I meet lots of people who ask me “Why do I network so much?”. They say they were told that to build their business they would have to network so they tried networking and it “Never worked for them!”. Typically I will ask where they went networking and the frequent response is “All over the place”. Wrong answer!! You meet a lot of people, try a wide range of coffees and build zero relationships! No Engagement!
To borrow from the Networking Bible, the 4 stages of networking are “Meet, Like, Know, Trust”. Too many people give up at the “meet” stage; “I went to the meeting and never got a single lead – I am not going back”. We all want referrals, but no one is going to give you their business or recommend you on a single meeting. Would you? Would you pass a lead, job or referral to someone you don’t Like, Know or Trust, yet? Don’t expect others to do anything different!
The truth is that the only thing which really works in networking is persistence. There are no shortcuts. Even if you decide a particular networking group is not for you (too formal, too informal, too rigid, whatever) then you still have to follow up on the contacts you have made if you want to make it to the next stage(s).
Your magic minute is like sending a CV – it’s to get the interview not the job. Remember it not always the person you are talking to that matters, it’s who they are talking to the rest of the time. Make a good impression and they might just remember you. Make a bad impression and they will still remember you . . . but not for the reason you wanted
People buy from people. Some say this is discredited by the growth of online sales, but when is come to services it is still the case. You don’t go to eBay for a bookkeeper and even if you go online to find someone you would still want to meet them and like them before going any further. You do not have to become soul mates, but would you pass a lead, job or referral to someone you don’t like? Why should they?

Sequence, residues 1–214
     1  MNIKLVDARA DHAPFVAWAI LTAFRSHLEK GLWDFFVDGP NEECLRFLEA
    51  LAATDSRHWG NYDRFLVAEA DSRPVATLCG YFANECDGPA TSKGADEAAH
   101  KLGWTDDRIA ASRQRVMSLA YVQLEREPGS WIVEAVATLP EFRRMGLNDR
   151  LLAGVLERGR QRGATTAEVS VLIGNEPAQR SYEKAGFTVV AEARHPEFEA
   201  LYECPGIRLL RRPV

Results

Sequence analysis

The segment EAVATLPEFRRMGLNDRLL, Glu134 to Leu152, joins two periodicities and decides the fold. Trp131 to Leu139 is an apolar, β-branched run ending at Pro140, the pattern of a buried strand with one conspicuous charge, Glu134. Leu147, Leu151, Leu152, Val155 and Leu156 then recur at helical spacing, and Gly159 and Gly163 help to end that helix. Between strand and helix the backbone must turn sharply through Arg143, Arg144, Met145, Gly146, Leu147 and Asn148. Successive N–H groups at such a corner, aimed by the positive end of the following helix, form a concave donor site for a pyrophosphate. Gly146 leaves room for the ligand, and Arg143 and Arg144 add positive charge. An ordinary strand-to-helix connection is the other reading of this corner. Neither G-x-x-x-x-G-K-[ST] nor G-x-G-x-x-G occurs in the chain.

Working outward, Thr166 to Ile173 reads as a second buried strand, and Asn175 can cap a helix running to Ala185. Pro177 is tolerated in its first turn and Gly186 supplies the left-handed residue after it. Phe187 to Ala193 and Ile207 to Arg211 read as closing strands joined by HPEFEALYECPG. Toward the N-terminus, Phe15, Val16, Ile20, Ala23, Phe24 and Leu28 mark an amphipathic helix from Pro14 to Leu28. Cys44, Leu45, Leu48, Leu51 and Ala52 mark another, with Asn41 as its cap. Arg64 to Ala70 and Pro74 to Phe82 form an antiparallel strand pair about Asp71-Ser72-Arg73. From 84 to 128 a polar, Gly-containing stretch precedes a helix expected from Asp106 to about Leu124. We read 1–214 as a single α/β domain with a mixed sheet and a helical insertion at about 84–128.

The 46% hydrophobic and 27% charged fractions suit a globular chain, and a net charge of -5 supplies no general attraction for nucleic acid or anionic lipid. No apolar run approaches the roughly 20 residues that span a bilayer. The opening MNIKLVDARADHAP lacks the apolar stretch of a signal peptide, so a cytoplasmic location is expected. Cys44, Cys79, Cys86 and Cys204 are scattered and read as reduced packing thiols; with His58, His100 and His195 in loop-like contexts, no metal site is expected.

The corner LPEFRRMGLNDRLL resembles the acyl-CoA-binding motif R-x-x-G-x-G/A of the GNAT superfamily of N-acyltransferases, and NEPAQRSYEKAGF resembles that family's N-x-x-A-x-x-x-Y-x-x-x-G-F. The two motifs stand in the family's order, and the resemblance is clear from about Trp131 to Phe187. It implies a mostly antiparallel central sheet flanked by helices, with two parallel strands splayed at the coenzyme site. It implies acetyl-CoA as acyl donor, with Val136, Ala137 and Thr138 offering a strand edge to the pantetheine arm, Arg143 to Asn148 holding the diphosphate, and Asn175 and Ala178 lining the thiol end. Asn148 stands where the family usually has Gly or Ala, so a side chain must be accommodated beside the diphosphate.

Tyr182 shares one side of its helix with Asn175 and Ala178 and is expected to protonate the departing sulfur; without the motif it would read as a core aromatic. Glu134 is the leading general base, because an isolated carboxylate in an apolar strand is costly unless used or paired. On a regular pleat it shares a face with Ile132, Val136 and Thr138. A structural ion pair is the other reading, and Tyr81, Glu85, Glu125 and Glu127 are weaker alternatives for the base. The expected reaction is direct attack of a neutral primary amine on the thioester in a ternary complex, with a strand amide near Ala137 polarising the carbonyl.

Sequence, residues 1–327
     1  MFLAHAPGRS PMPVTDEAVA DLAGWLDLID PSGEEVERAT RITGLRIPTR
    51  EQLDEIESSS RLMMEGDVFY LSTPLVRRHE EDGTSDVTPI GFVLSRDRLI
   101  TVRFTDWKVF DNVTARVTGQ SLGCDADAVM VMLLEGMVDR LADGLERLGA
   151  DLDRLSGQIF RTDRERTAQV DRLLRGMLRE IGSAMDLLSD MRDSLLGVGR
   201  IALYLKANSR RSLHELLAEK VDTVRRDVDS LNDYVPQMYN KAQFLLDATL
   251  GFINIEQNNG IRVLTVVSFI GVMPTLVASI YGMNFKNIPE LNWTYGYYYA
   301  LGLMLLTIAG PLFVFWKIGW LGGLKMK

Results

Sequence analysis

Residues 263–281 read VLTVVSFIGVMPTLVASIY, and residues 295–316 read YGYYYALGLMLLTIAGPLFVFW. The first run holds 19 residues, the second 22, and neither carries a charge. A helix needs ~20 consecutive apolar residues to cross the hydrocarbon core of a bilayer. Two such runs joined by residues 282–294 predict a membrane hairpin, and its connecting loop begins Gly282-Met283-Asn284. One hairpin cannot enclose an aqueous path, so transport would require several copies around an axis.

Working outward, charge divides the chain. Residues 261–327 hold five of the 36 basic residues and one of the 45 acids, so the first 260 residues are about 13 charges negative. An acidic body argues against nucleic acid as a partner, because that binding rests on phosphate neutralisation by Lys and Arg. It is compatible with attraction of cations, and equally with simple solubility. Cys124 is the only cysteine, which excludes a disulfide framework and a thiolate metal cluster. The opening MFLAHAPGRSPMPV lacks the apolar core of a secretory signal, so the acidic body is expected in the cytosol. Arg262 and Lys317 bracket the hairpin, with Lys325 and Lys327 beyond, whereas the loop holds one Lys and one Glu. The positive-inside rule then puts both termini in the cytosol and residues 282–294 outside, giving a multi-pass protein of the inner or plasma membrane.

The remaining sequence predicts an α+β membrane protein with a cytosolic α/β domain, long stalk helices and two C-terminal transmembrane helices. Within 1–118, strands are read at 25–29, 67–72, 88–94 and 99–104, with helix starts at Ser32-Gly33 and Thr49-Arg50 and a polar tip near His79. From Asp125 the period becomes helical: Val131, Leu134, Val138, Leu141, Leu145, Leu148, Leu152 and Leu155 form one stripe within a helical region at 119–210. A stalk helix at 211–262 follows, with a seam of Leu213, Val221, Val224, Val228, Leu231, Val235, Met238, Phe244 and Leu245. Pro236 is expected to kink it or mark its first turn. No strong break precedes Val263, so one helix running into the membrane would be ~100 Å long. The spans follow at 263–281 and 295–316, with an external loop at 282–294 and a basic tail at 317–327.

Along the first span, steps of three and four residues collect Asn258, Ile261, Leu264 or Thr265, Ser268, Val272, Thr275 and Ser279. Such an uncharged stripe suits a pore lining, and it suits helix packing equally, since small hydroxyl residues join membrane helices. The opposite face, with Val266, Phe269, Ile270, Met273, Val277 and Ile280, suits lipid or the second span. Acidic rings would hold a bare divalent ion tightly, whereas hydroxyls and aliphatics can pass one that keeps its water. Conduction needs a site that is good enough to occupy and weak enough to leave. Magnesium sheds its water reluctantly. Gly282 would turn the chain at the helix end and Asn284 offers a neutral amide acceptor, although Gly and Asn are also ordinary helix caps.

Use follow-ups to dig deeper and really get to know the person and their business. Take a genuine interest in them and they will take an interest in you. Try and understand their product or service and where it might fit into your client/contact base. By understanding their business, you will come across as credible and trustworthy; two very valued traits for any decision maker. Look for opportunities for them and they will in turn look for opportunities for you!
How do you gain trust? Trust is a major part in the foundation of successful interpersonal relationships. It is just as easy to build trust as it is to break it down, provided you are prepared to make the effort.
Could be teaching my Gran to such eggs here? If it is all too obvious skip this bit, but if not:
• Be Reliable – honour all of your promises. Trust requires that people believe you are dependable.
• Be honest -Tell the truth. Sounds easy, right? Not always. But if you tell the truth even when the truth isn’t perfectly pleasant, you will become much more trustworthy.
• Be open – Volunteer information. When an opportunity to be vague arises, don’t take it. Instead, volunteer information to your listener to prove that you have nothing to hide.
• Be discreet – Keep secrets imparted to you. No gossip allowed. You can only trust people who are discreet and those who can protect your confidences.
• Be loyal – This refers to your ability to be on same side, both in their presence and, most importantly, in their absence. Trust is solid when a person knows he or she has your loyalty.
• Be competent – Gain the respect and admiration of others by displaying adequate professional ability.
• Be consistent – Show consistency in your behaviour. Do not display double standards. Consistency in your behaviour indicates your ability and good judgment in handling situations.
That’s all a long winded way of saying Business Networking is not simply about meeting people, but about building relationships with valued contacts. You will get nowhere with a single visit or meeting! Follow the steps and you get Engagement! Colleagues working together for the benefit of all.